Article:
5. Tell a Story
Things can tell a lot about their owners, especially if you don’t look for random objects, but for tools of their trade. For me, desktops look not only intriguing but magnificent. All these interesting objects that belong to an artist, a ceramist, a silversmith, an embroiderer or a writer!
All the details make these tables alive.
You can ask your friend with an interesting profession or hobby for permission to photograph their workplace (don’t miss the chance to include their hands in the frame!). Or you can try to recreate something more unusual by yourself.
What would a workplace of a botanist look like? A cartographer? A retired pirate, a witch, your favourite writer or, say, Hermione Granger?
Which items would they keep? Would their tables look neat or be a complete mess? Which objects are essential to their profession and which are just cute little details? Answer these questions, pick an appropriate background and tell your story.
6. Include Chalk Drawings
Combining a flat drawing with real objects is always a good trick. You can create a new reality for ordinary objects transforming them with a couple of chalk lines. Turn one thing into another or even create a whole new space!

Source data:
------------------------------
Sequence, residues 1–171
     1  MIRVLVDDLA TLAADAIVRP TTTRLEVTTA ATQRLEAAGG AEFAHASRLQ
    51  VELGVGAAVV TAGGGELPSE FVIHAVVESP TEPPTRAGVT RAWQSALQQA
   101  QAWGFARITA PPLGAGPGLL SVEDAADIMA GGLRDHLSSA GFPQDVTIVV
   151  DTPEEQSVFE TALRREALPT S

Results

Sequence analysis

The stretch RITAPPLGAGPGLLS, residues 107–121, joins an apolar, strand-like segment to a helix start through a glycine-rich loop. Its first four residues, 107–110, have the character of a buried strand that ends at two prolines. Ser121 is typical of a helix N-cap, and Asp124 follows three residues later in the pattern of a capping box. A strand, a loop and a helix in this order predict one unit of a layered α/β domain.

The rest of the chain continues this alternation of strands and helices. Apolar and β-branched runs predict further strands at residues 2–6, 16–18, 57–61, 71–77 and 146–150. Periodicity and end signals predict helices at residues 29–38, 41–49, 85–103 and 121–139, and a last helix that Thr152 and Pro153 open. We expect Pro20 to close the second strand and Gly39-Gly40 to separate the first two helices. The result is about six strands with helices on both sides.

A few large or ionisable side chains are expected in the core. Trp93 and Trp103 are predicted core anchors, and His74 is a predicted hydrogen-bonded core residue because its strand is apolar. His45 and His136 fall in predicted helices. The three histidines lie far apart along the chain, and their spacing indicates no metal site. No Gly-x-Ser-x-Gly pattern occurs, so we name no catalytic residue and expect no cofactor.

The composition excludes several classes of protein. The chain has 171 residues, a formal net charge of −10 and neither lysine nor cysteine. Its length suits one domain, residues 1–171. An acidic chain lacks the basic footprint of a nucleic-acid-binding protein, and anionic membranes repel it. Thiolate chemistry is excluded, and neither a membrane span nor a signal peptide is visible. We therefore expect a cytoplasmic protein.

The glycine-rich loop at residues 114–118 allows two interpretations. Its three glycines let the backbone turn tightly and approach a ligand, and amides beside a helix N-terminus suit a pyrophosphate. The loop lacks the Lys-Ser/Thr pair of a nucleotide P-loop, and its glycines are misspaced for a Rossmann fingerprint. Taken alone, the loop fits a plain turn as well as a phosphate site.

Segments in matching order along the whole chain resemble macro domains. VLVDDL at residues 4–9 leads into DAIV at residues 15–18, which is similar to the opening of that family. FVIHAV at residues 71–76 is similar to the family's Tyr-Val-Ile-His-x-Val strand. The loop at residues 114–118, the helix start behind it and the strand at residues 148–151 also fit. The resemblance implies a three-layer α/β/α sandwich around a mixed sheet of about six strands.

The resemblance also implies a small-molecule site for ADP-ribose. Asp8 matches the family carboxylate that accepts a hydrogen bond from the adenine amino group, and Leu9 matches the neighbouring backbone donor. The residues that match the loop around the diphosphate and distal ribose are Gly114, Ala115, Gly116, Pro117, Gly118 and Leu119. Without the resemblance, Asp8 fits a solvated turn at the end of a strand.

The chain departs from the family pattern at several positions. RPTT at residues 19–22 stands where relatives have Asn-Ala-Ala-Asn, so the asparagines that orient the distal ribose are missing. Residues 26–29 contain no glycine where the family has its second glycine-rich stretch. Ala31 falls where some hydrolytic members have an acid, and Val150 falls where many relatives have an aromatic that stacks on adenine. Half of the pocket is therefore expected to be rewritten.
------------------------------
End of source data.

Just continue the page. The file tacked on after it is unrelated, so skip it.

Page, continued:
All you need is chalk, drawing surface and sketch. I’m absolutely helpless at drawing, so I always find extremely simple subjects. I can’t make a cupcake or part of an elaborate castle, but I can draw a fiery tale and let it be a comet.
If you’re not drawing with a marker, but with regular chalk, keep it wet. Don’t use dry chalk. Dip it in water before drawing. And keep do it during your work. At first, the lines will look a bit faded, but let them dry.
The drawing will dry bright white and the lines will look the same. But drawing with wet chalk is much easier. You can also draw on a wet board if you prefer.
Spend 20 minutes on sketches. You’ll see that drawing a jam jar around fresh berries or adding a chalk teapot to sugar cubes, mint leaves, lemon slices and cinnamon is just a start.
7. Try Flower Photography
Flowers are a perfect subject for still life photography. It’s practically impossible to have flowers in the frame and get a dull image.
Especially if you think of a story you’re trying to tell beforehand.
Say, your character is a writer, who’s working on a sweet and romantic novel. Let’s get a bunch of pink flowers and arrange them around a typewriter adding some pencils and crumpled paper balls.